Saturday, May 8, 2010

Caste Consciousness - How big is this a threat to Sikhism?

Here is a great article that I just read on one of my favorite blogs. My quick thoughts on this: I say Akal Takhat should issue a hukumnama that everyone that is managing a Gurdwara shall carry only last names as "Singh" , "Kaur" or "Khalsa". No city/town/village names like "Badal" etc.,no caste names "Sidhu" or "Chopra" or "Gill" etc. since they just show how false prides of one's caste, village, clan, lineage associations seep into Gurdwaras. Anyways; here is the article:

Source:
http://www.sikhchic .com/article- detail.php# q1)

Ek Sikh Barabar Sava Lakh
by Dr. DIPANKAR GUPTA

Sikhs may be just two per cent of India's population,
but in their self-image and deportment, it is as if
they constitute two hundred per cent of India's one
billion. As the saying goes: "Ek Sikh barabar sava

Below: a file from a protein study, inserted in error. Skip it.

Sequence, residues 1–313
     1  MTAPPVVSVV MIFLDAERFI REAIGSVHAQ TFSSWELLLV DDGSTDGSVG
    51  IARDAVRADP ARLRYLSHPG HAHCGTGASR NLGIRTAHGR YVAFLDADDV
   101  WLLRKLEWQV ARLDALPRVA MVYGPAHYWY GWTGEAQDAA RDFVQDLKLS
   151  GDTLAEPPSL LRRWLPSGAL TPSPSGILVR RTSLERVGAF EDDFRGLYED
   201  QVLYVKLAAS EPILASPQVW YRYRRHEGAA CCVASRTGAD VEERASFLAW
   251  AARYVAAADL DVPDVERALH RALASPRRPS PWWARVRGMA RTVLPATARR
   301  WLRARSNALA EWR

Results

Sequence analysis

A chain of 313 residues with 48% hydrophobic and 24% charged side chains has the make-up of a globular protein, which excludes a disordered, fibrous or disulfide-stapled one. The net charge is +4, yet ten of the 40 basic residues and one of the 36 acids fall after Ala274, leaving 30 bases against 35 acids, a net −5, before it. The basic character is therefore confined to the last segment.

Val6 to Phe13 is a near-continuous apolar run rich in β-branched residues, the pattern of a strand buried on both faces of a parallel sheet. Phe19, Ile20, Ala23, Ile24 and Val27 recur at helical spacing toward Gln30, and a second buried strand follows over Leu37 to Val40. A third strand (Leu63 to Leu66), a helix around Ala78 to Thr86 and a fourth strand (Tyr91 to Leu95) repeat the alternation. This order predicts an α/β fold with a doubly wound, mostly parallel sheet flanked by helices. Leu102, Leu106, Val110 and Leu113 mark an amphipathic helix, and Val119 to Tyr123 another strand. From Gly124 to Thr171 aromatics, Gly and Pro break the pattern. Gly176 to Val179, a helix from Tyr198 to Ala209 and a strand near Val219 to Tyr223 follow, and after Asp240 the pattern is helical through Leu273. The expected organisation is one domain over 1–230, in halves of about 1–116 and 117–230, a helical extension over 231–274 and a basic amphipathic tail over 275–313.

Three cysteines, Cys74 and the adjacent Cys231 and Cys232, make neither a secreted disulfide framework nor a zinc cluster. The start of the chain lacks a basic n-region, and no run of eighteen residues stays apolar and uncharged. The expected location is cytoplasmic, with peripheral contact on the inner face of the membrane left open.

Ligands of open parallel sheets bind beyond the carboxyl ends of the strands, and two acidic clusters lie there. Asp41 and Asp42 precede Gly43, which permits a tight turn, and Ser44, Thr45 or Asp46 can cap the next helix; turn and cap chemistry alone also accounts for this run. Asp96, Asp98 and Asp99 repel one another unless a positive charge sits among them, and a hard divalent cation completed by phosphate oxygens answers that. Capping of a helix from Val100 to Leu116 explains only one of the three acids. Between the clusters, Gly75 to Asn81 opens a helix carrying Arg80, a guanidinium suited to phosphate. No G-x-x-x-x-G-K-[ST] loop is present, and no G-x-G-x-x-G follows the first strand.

lakh" ("Each Sikh is a Legion"). Even during the worst
days of the Partition, Sikhs never felt insecure about
their religion, as their Hindu counterparts did, and
continue to do.

Why then, does a small, insignificant sect like the
Dera Sacha Sauda, that does not even claim to be Sikh,
get mainstream Akalis and a large number of everyday
Sikhs so hot and bothered? This Baba is no medieval
tyrant and martyrdom of any kind would be thoroughly
wasted on him. He is a minor figure, whose demonising
by the Akalis raised his stature and downgraded their
gurus who gave up their lives in far more glorious
battlefields.

The question then is: How did the Sikhs suddenly turn
so insecure? When did it happen and where were we all
looking? Or did the lights suddenly go off in the
changing room?

The original Panthic Party, which later morphed into
the Akali Dal after 1947, never evinced such worries
either, and those were very difficult times. They
regularly participated with the Congress before
Independence. The party even supplied the Congress
with a stable of leaders, from Pratap Singh Kairon to